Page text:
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Illinois DUI Laws

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Guide to Illinois DUI Laws Being convicted of a drunk driving offense according to IL DUI laws can make your entire life more difficult, including finding employment.Understanding Illinois DUI laws can prevent you from making a costly and life-changing mistake, or may be helpful in understanding why you may need an attorney to represent you.If you need more information than is available in this guide about IL DUI laws, you may want to consider talking to a criminal defense attorney who specializes in representing those being charged with violations of Illinois DUI laws. Blood Alcohol Content Limits While for many years, IL DUI laws only applied to drivers with a blood alcohol content (BAC) of .10 or more, it has joined many other states in adopting more strict DUI standards.Today, any driver over 21 years of age who is caught with a BAC of .08 or higher will be punished according to Illinois DUI laws.For drivers under 21, even the smallest amount of alcohol on your breath will push you over the state's limit—IL DUI laws mandate a zero tolerance policy for people below legal drinking age. Because people with commercial driver's licenses are typically driving much larger and more dangerous vehicles than their non-commercially licensed counterparts on the road, these drivers are held to higher standards according to Illinois DUI laws.Any commercial driver operating a commercial vehicle with a BAC of over .04 can be prosecuted according to IL DUI laws. Refusal to Test If you refuse to submit to a chemical test for alcohol, Illinois DUI laws will still result in you being punished—in some cases, as badly as if you'd tested positive.The first time a driver refuses a chemical test, the state will automatically suspend their driver's license for one year.If the driver is stopped again and refuses to take the test again, he or she can expect a 3 year license suspension and a minimum of 5 days in jail or 240 hours of community service according to IL DUI laws. The third refusal results in even stiffer punishments.Illinois DUI laws specify that anyone refusing a chemical test for the third time should be sentenced according to sentencing guidelines for an aggravated DUI. DUI Penalties Even if you are being charged with drunk driving for the first time, IL DUI laws carry stiff penalties.You can expect to spend up to a year in jail for a first offense under Illinois DUI laws, and you may have to pay a fine of up to $3500 depending on the circumstances of the offense. Your driver's license will be suspended for a minimum of 1 year if you are caught violating IL DUI laws, and you can expect to spend at least 100 hours doing community service.In some situations, you may also have to have an ignition interlock installed on your car that will physically prevent the car from starting unless you blow a clean breath test.
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  • Illinois Dui Laws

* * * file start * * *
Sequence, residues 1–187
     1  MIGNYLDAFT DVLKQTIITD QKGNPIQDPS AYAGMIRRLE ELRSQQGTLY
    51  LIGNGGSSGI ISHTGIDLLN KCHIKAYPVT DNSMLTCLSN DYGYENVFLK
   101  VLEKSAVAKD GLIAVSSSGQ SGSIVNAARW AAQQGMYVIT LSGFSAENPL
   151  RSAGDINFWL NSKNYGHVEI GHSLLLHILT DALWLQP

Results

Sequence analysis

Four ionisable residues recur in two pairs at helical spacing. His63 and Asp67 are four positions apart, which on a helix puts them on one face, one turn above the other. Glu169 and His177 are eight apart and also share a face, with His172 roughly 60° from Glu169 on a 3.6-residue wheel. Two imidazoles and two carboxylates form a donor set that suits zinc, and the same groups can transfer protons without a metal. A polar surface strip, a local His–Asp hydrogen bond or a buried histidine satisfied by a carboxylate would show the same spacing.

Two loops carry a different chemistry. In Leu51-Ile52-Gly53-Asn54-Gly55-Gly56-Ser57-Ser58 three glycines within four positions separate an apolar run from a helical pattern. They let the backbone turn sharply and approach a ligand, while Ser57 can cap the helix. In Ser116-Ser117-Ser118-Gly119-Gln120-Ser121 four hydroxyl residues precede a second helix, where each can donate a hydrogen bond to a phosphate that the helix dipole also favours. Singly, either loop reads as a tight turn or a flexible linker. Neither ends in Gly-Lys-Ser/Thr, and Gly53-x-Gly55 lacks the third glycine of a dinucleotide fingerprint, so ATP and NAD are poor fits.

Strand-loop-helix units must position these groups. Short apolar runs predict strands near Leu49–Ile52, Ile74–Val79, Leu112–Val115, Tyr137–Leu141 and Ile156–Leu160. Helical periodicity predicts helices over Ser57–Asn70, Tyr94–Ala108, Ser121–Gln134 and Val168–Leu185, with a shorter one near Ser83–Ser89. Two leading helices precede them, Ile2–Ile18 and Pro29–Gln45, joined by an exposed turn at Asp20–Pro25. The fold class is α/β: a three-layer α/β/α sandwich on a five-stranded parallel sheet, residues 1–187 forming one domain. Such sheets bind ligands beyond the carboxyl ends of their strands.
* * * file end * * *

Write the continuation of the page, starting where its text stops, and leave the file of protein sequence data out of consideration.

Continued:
Guide to Illinois DUI Laws Being convicted of a drunk driving offense according to IL DUI laws can make your entire life more difficult, including finding employment. Understanding Illinois DUI laws can prevent you from making a costly and life-changing mistake, or may be helpful in understanding why you may need an attorney to represent you. If you need more information than is available in this guide about IL DUI laws, you may want to consider talking to a criminal defense attorney who specializes in representing those being charged with violations of Illinois DUI laws. Blood Alcohol Content Limits While for many years, IL DUI laws only applied to drivers with a blood alcohol content (BAC) of .10 or more, it has joined many other states in adopting more strict DUI standards. Today, any driver over 21 years of age who is caught with a BAC of .08 or higher will be punished according to Illinois DUI laws. For drivers under 21, even the smallest amount of alcohol on your breath will push you over the state's limit—IL DUI laws mandate a zero tolerance policy for people below legal drinking age. Because people with commercial driver's licenses are typically driving much larger and more dangerous vehicles than their non-commercially licensed counterparts on the road, these drivers are held to higher standards according to Illinois DUI laws. Any commercial driver operating a commercial vehicle with a BAC of over .04 can be prosecuted according to IL DUI laws. Refusal to Test If you refuse to submit to a chemical test for alcohol, Illinois DUI laws will still result in you being punished—in some cases, as badly as if you'd tested positive. The first time a driver refuses a chemical test, the state will automatically suspend their driver's license for one year. If the driver is stopped again and refuses to take the test again, he or she can expect a 3 year license suspension and a minimum of 5 days in jail or 240 hours of community service according to IL DUI laws. The third refusal results in even stiffer punishments. Illinois DUI laws specify that anyone refusing a chemical test for the third time should be sentenced according to sentencing guidelines for an aggravated DUI. DUI Penalties Even if you are being charged with drunk driving for the first time, IL DUI laws carry stiff penalties. You can expect to spend up to a year in jail for a first offense under Illinois DUI laws, and you may have to pay a fine of up to $3500 depending on the circumstances of the offense. Your driver's license will be suspended for a minimum of 1 year if you are caught violating IL DUI laws, and you can expect to spend at least 100 hours doing community service. In some situations, you may also have to have an ignition interlock installed on your car that will physically prevent the car from starting unless you blow a clean breath test.

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